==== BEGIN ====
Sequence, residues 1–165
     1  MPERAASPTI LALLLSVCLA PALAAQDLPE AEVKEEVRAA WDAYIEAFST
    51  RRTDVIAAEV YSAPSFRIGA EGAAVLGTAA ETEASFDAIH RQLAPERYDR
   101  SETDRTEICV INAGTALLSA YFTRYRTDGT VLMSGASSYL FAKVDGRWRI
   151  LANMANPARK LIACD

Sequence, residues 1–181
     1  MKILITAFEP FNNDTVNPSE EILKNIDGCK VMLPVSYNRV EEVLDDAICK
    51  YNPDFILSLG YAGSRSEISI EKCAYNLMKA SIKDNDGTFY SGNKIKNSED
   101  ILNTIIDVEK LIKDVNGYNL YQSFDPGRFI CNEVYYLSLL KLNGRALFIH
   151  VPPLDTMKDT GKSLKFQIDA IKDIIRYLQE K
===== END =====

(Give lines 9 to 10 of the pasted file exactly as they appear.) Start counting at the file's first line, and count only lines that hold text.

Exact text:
   101  ILNTIIDVEK LIKDVNGYNL YQSFDPGRFI CNEVYYLSLL KLNGRALFIH
   151  VPPLDTMKDT GKSLKFQIDA IKDIIRYLQE K